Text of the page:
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Food Safety in Restaurant Kitchens: Safe Products in 4 Steps

HourlyNerd
March 6, 2015
  For most Americans, dining in a restaurant—be it high end, fast casual, or quick service—is a daily luxury. According to a study by the USDA, we eat out, on average, at least one meal each day. When choosing a restaurant, consumers take many factors into account: availability of healthy options, cost, atmosphere, and simple personal preference. What consumers take for granted is that wherever they choose to eat, they assume their meal will be made with wholesome ingredients, prepared and stored in a way that keeps the food they’re eating safe. (Keep in mind that “wholesome” doesn’t always mean “healthy” but rather that the ingredients are not spoiled or adulterated.) But how does a restaurant know that it’s consistently making safe food?  Most states require at least someone on each shift to have ServSafe® training. This is a great place to start.  Beyond that, however, there are many ways that a restaurant can ensure that the food they serve is as safe as it is delicious, and those practices start before the ingredients even come through the door. The following are a few practices that are easy to implement, and will get your business on the right track.

Risk Assessments of Raw Ingredients

First, do a risk assessment of what your highest risk foods are.  Meats, dairy, eggs and other allergens are generally the highest risk items coming into a restaurant. If you are buying any seafood, it’s important to have confidence that it was harvested ethically and processed correctly (this includes kelp and sea vegetables).  All meats, poultry, and seafood that are processed in any way must be done under a Hazard Analysis for Critical Control Points (HACCP) plan by federal law. While meats and poultry are generally USDA inspected, a restaurant would be wise to trace the seafood back to the source every so often to check that it is being processed legally.

Risk Assessments of Kitchen Techniques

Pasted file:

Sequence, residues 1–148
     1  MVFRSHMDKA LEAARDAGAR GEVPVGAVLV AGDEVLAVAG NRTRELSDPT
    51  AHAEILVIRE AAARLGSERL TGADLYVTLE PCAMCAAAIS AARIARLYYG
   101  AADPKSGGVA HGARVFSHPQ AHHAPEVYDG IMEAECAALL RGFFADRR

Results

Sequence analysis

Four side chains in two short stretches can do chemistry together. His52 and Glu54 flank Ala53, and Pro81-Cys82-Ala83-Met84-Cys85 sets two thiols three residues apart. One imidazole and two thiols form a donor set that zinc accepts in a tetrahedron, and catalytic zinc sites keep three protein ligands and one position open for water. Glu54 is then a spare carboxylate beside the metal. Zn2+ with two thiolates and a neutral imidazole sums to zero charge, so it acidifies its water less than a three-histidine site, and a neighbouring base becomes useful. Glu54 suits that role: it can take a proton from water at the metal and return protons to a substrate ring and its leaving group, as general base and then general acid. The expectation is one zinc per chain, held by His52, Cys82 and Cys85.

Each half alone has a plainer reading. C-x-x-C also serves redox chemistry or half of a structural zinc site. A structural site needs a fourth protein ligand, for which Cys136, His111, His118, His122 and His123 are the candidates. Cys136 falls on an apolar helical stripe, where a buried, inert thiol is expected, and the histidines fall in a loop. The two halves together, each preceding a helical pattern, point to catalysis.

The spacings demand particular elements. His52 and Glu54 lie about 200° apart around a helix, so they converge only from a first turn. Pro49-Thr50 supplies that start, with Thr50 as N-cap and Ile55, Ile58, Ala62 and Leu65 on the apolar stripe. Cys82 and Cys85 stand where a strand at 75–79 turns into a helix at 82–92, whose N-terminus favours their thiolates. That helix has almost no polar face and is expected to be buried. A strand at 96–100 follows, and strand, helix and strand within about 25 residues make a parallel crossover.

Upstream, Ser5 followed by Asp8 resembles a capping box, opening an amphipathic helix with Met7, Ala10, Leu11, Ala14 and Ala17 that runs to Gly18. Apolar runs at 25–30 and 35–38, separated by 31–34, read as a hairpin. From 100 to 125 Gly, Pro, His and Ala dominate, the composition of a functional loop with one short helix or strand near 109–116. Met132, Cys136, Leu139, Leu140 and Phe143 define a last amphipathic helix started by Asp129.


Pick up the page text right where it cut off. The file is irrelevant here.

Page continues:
Once the raw ingredients are in the kitchen, they are transformed into the restaurant’s signature dishes.  But what are those transformation processes?  Searing? Frying? Baking? Sous vide? Cold smoking? Curing? Assessing the risk of your chef’s processes is the next step. Many high-risk processes must have a HACCP plan that is written and approved by an inspecting authority like the Department of Health or the Department of Agriculture. Techniques that come from all over the world are now found in many restaurant kitchens. Conforming them to American food safety laws can be a complex process, particularly if you want to get creative. For example, parts of the animal that may have once been thrown away could be repurposed using sous vide, some curing salt, and spice, into charcuterie that a chef could charge a premium for. This is great for the bottom line, but it’s imperative that the chef understands not only how to make the dish, but also the regulations that they work under, and specifically how high risk processes require HACCP plans. In today’s climate, inspecting bodies are increasingly cracking down on kitchens that perform sous vide and other methods of charcuterie without a HACCP plan in place. If your chef is using high risk cooking methods, you need to be proactive in putting a HACCP plan into effect, or aware of the possible consequences.

Consider the Road to HACCP

If you decide that your restaurant kitchen needs a HACCP plan, a whole new set of safe practices come into play.  Sure, you already have policies on personal hygiene, but what about preventive maintenance for kitchen equipment?  What about an approved supplier program?  Most chefs trust their distributors, but it’s also important to know—and have documentation about where the high-risk ingredients are being processed and if the distributors have adequate recall plans.  There was a massive and expensive ground black pepper recall last year (contaminant: salmonella) and many small distributors were forced to spend significant time and money tracking down and retrieving the contaminated stock. What does all this boil down to?  Inventory control – tracking the food items that go in and out of the kitchen and when. Inventory is money, and the best run restaurants understand that inventory control is not only key to profitability but also has significant food safety implications. Shrink and loss due to rotting or poor food safety standards is money needlessly thrown away.

Make Food Safety Part of the Plan

In any restaurant, good business planning is tied to solid food safety procedures. The days of successful businesses operating without business plans are gone, and when dealing with food, the best business plans must incorporate food safety planning from the beginning. A culture of food safety in your kitchen, and among all of your staff, is key to serving the best food possible. Start with food safety, and you’ll end with satisfied customers.

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HourlyNerd

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